Looking for great South African [and African] books to read?

My friend Shelley Finch tagged me in this status on Facebook the other day:

Friends, I am crowdsourcing a book list. Kind of a “recommended reading for every South African”. Fiction and non-fiction. Books that will help people educate themselves on our country’s history and the BIG issues we are talking about i.e. racism, corruption, land redistribution, etc. Books that are accessible to every South African (so not too academic).

So, i stole it and made it my own… and these are some of the suggestions that landed on her wall and mine:

Terry Brauer: My traitor’s heart ( explains much of where we have come from ) Riaan Malan Peter Harris ‘In a different time.’Max du Preez Pale Native. Country of my skull Antjie Krog. My own liberator Dikgang Moseneke ( only dipped into it ) Presidents Keeper Pauw.

Magwaca Siyanda: I Write What I Like – Bantu Biko, How To Save South Africa – Moeletsi Mbeki

Lara-Susan James: The bang bang club – Greg marionovich

Roxanne Jewell: Killing Karoline by Sara-Jayne King. Memoir that looks at cross cultural adoption

Brad Senekal: pale native – max du Preez (extremely challenging/enlightening as a white South African… engaging narrative non fiction style too)

Crystal Warren: Sindiwe Magona. All her books but particularly the memoir To my children’s children and the novel Mother to mother.

Bradley Trout: Biko: Cry Freedom, by Donald Woods

Caroline Thomas Mändlein: Another Country – Every Day Social Restitution by Sharlene Swartz

Tasha Melissa Govender: Nervous Conditions by Tsitsi Dangarembga

Jess Basson: Mhudi by Sol Plaatje, Cry the Beloved Country – Alan Paton, Country of my Skull – Antjie Krog, Ways of Dying – Zakes Mda, I write what I like – Steve Biko, How can man die better: the life of Robert Sobukwe – by Benjamin Pogrund

Jo Holroyd: Architects of Poverty – Moeletsi Mbeki, A Manifesto for social Change – Moeletsi Mbeki

[On the lighter end Trevor Noah – Born a Crime. Light hearted but still some real life discussion on the state of living a middle  class black life and what it entails.]

Lulama Nosihle Njapha: Peter Harris-In a Different Time, Peter Harris-Birth, Eric Miyeni-Omandingo: The Only Black at the Dinner Party
[And what Jo Holroyd said]

Paul AbrahamsonHum if you don’t know the words – Bianca Marais

Brett “Fish” Anderson [on Shelley’s wall]: ‘How can man die better’ – Robert Sobukwe story is a must as is ‘I write what I like’ by Steve Biko and then i would recommend ‘Country of my Skull’ by Antjie Krog and Americanah by Chimamanda Ngozi Adichie as well as Always Another Country by Sisonke Msimang…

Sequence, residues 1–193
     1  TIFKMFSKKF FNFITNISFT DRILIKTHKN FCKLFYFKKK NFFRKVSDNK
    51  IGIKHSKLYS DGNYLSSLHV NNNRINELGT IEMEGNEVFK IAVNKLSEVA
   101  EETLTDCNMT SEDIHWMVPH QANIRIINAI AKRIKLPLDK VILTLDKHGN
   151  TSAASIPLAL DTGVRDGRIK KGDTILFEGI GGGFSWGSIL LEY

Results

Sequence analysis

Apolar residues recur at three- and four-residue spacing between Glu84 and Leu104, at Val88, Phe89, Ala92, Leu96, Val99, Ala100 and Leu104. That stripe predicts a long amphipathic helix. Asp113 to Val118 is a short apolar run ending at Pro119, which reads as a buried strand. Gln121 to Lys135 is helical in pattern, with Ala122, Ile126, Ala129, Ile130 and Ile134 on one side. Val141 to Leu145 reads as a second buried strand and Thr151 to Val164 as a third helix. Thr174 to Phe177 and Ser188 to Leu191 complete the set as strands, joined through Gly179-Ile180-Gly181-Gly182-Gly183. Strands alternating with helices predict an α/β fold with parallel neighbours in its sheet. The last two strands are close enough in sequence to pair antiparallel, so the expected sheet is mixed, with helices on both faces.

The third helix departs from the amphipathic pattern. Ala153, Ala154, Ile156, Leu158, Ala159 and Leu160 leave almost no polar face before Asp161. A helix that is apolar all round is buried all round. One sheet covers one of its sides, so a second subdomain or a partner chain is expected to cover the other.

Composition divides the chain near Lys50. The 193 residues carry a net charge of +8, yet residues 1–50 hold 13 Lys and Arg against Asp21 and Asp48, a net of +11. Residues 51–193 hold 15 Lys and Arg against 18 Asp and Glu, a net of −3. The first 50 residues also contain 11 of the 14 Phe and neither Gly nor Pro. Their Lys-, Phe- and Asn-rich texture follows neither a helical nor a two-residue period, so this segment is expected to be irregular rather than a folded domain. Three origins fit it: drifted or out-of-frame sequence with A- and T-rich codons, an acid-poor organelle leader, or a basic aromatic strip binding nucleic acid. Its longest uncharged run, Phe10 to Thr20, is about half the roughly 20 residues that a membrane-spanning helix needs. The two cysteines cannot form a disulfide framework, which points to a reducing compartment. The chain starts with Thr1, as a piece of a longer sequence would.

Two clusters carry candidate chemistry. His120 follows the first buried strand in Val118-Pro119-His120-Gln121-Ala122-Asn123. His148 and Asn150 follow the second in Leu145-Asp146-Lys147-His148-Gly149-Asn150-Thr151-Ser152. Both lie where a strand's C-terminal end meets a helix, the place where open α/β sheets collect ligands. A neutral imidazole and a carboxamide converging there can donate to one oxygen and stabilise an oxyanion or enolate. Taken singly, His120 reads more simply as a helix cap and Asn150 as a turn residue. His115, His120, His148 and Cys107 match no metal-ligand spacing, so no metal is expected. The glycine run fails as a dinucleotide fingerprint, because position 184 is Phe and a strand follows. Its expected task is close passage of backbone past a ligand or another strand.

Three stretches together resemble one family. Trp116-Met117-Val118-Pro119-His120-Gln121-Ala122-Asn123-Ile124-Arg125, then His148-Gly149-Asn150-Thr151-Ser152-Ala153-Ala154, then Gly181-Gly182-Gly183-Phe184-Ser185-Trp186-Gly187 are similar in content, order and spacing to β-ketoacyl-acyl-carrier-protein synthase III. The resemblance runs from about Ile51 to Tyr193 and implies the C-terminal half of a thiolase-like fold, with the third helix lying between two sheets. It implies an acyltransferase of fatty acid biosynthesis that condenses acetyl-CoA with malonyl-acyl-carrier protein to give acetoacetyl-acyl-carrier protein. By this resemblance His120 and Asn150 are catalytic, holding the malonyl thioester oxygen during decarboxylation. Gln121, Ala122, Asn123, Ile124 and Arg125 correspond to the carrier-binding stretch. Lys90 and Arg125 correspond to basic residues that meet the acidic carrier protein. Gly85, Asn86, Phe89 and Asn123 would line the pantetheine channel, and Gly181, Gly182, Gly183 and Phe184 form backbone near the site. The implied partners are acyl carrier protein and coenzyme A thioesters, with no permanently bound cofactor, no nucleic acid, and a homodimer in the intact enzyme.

Rudzani Thangoane: Capitalist N-word – Chika onyeani

Dennis Morton: Fred Khumalo’s riveting memoir, Touch My Blood

Wendy Masters: Birth by Peter Harris, After the Party by Andrew Feinstein, my Traitors Heart by Riaan Malan, Apartheid in my Rucksack by Ted Botha, Country of my Skull by Antje Krog, The Afrikaaners by Graham Leach and The Covenant by James Michener

Ivor Swartz: I write what I like- Biko, Gang Town- Don Pinnock, What if there were no whites in South Africa- Ferial Haffaje, We Need to talk- Jonathan Jansen

John Rayner: The Racist’s Guide to the People of South Africa by Simon Kilpatrick, The Art or the South African Insult by Sarah Britten

Anschen Conradie: Definitely ‘No-one to blame’ by George Bizos.

Roseanne Turner: Both of Redi Tlhabi’s books (Endings & Beginnings and Khwezi), Don Pinnock’s Gang Town and Jonny Steinberg Three Letter Plague for perspective on other topics.

Nathan Blows: A History of Inequality in South Africa 1652-2002 by Sampie Terreblache, Drum The Making Of A Magazine by Anthony Simpson, The Bang Bang Club by Greg Marinovich and Joao Silva, They’re Burning the Churches by Patrick Noonan, Children of the Resistence edited by Victoria Brittain and Abdul S. Minty, The Number by Johnny Steinberg, The Spirit of District Six by Cloete Breytenbach,
Ikasa: The Moral Ecology of South Africa’s Township Youth by Sharlene Swartz, The Afrikaners by Hermann Gioliomee, Brotherhood of Power by J.H.P Serfontein, Beyond Fear by Jean Knight-Fitt

Ryan Goldblatt: A tad academic and not a South African book, but “Guns, germs and steel” by Jarred Diamond would be a good book.

Nkululeko Jojo Xaba: Ndumiso Ngbobo is a great author. Some Of My Best Friends Are White is an amazing read.

Megan Furniss: Period Pain by Kopano Matlwa is still with me.

@MakDPostmodern: K***** Boy by Mark Mathabane

Ashley Brownlee: The Magistrate of Gower by Claire Robertson, Africa: a biography of the continent by John Reader, The Smell of Apples by Mark Behr, A Life by Winnie Mandela… and is there a particular reason not to include A Long Walk to Freedom?

What do you think? Anything you would definitely add to this list? Any of these you would highly not recommend? Give us your ideas in the comments section and let us know particularly which one of these you found to be really helpful and energising…

[For the children’s stories version of this list, click here]